Continues from Part 2
Morezmore OOAK Doll #29
Scale: 1/6, Size: 11.5″ (29 cm)
Part 3: Hands & Feet
Tools and materials: please see Part 2
018. Trying something new to address the following problems regarding sculpting hands:
First problem: the hands in this scale are small and hard to sculpt, because the clay fingers are very small and delicate and my fingers are very big and clumsy;
Second problem: Even if after all the painful work I manage to make pretty hands, they are very fragile – the fingers break off.
Some kind of “hand armature” would be helpful. Here is the solution that I hope will work:
And these are, as you might have guessed, the bones for the feet (something to hold on to and something to add clay to – while sculpting feet. Those are no easier than the hands as far as I am concerned.
019. Well, the results are in. The method by itself works well, but need improvement as far as the cotton thread is concerned.
Pros: The cotton thread “bones” provide good support, the clay stays well on the cotton thread, making it much easier to sculpt. You can move the fingers by the long tips in and out of the way as you need them. Overall – I am very pleased with the method.
Cons: Cotton thread does not provide enough posability because it tends to straighten out. I would bend the finger and find it straight again after a few seconds. In other words, works for open hand, will not work for a fist.
Conclusion: Ok for open hand, but for posed hands and fists – wire is needed. The trouble with wire – the clay slides off the smooth wire surface. What I would need ideally – cotton thread with thin wire inside. So I went online searching. Guess what – this product exists. I found 2 types of wire covered with cotton and purchased some to try. When it arrives – hopefully by middle of next week, I will test it. If it works, I will write good instructions and make it available at Morezmore.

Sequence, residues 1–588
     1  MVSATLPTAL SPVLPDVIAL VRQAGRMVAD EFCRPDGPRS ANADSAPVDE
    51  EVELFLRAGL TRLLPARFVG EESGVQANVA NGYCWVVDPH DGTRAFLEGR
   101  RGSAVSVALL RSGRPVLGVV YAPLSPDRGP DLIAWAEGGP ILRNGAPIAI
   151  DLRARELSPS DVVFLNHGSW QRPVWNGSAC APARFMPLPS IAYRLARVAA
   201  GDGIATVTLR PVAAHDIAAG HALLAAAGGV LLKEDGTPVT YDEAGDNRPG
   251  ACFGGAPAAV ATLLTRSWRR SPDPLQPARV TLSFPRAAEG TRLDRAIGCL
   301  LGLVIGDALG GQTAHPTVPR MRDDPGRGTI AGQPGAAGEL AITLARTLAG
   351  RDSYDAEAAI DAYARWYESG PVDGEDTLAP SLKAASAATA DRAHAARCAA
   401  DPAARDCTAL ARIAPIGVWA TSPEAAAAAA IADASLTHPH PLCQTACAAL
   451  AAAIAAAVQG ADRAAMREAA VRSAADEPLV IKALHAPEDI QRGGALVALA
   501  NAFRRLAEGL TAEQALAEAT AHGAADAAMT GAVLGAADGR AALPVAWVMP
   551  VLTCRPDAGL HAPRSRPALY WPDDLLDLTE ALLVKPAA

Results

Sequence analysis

I did finish one hand with cotton thread and even baked it – just to complete the experiment. Here are the pictures. I was not very interested in making the hand look excellent – I will make another pair later for my doll, but you will get the idea.
The little helper tools are made from wire set into old wooden macrame beads, set with magic sculpt, with magnets at the bottom.
020. The feet are done. Also, for feet I made another little helper tool – wire set into an old wooden macrame bead, set with magic sculpt epoxy, with a magnet on top. Firstly, this tool allows sculpting two feet at the same time side by side. Secondly, I find it helpful to see the feet in as they would look on the doll in the future. And lastly – the helper tool can go from sculpting table to the oven.
The cotton-covered wire arrived and I made the pair of hands and wrote the step-by-step post about it.
Here it is:
Cotton-Wire Hand Armature for OOAK Doll
Continues on Part 4